Darrell L. Smith won in State v. Gatlin, No. 99,091 (Kan. June 24, 2011), obtaining a new trial in an Anderson County intentional aggravated battery conviction. As noted by the KSC, the charges "arose out of a bar fight in which Gatlin bit off the tip of another man's thumb." The COA had held that Mr. Gatlin had not sufficiently preserved an issue regarding failure to give lesser included offense instructions for reckless aggravated battery. The KSC disagreed:

In this case, Gatlin's counsel made two specific requests during trial for recklessness-based lesser included instructions, both times explaining the rationale behind the requests. It was not necessary for him to repeat what had become a fruitless exercise three more times in order to preserve the issue for appellate review. He had made his position clear to the district judge and given him ample opportunity to rule correctly. This situation is distinct from those in which a precise evidentiary objection must be contemporaneous with admission under K.S.A. 60-404.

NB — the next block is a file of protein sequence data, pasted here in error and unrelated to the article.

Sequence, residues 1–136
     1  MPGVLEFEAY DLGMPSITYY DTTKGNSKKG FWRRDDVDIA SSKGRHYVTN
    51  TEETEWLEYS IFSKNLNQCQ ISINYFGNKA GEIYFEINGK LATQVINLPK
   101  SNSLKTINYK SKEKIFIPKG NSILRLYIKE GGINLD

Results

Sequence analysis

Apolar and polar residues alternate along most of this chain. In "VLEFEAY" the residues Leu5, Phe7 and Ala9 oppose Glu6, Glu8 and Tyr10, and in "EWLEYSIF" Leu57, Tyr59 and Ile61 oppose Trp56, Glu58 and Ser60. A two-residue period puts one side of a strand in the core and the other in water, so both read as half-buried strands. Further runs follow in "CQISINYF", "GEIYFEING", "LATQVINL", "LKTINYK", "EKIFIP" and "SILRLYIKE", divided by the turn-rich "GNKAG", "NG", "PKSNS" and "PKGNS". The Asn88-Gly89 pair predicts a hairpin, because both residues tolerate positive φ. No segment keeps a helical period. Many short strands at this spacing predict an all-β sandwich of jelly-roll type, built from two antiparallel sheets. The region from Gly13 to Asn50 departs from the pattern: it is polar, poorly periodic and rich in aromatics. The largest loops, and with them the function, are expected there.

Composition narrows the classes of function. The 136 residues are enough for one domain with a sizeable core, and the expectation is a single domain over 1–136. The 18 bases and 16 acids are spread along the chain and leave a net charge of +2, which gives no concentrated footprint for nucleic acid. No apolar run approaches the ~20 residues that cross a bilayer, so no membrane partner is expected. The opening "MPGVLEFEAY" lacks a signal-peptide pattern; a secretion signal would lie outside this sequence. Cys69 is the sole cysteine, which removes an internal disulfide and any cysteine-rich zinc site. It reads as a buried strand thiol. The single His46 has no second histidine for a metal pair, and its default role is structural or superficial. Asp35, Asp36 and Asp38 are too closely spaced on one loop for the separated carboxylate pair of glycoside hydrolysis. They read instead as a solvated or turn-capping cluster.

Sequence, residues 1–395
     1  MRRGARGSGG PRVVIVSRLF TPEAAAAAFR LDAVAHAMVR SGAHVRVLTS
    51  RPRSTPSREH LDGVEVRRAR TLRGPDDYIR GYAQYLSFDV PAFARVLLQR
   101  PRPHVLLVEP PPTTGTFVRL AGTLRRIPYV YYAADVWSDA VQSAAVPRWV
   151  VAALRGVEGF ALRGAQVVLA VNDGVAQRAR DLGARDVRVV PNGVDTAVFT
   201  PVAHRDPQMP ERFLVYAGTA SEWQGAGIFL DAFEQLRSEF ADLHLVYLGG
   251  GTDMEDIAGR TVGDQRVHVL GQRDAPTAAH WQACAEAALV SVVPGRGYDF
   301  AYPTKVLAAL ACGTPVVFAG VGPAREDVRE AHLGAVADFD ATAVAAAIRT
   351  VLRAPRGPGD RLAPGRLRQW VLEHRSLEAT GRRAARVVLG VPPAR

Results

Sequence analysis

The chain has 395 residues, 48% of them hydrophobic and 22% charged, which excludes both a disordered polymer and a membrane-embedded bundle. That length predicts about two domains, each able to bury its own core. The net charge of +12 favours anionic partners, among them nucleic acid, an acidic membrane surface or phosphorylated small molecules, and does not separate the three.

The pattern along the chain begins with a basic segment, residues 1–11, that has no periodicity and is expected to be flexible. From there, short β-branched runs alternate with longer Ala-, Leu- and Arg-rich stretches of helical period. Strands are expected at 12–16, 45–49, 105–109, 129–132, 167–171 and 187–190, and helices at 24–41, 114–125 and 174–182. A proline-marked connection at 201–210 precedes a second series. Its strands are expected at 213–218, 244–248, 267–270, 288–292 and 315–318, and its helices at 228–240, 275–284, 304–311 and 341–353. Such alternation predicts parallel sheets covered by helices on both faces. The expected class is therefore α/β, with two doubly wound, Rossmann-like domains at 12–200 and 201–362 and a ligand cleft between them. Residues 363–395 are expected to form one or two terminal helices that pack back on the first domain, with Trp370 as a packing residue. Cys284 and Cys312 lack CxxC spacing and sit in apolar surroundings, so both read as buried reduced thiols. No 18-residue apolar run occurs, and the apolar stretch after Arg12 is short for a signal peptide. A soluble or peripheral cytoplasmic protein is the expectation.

Using the proper standard of review, the KSC held that evidence supported giving the requested lesser-included offense instruction:


Viewing the evidence at trial in a light most favorable to Gatlin, a reasonable jury instructed on the elements of the two types of reckless aggravated battery and the definition of recklessness could have concluded that Gatlin engaged in reckless conduct and did not intentionally sever Hoffman's thumb. He may have chosen to continue biting Hoffman's thumb to persuade Hoffman to release the chokehold, knowing that this put Hoffman in danger and yet consciously disregarding that danger; or he may have chosen to allow Hoffman's thumb to remain in his mouth as the two men struggled, knowing but consciously disregarding the danger that they would lose their balance and hit the ground. Under Kansas' definition of recklessness, Gatlin need not have foreseen the specific harm that Hoffman suffered—losing the tip of his thumb. Although the circumstantial evidence supporting recklessness comes solely from the testimony of Gatlin, this is all that Kansas law requires before a lesser included crime instruction is warranted.


Good decision on procedure and on the merits.

Monday, June 06, 2011

Failure to give lesser requires reversal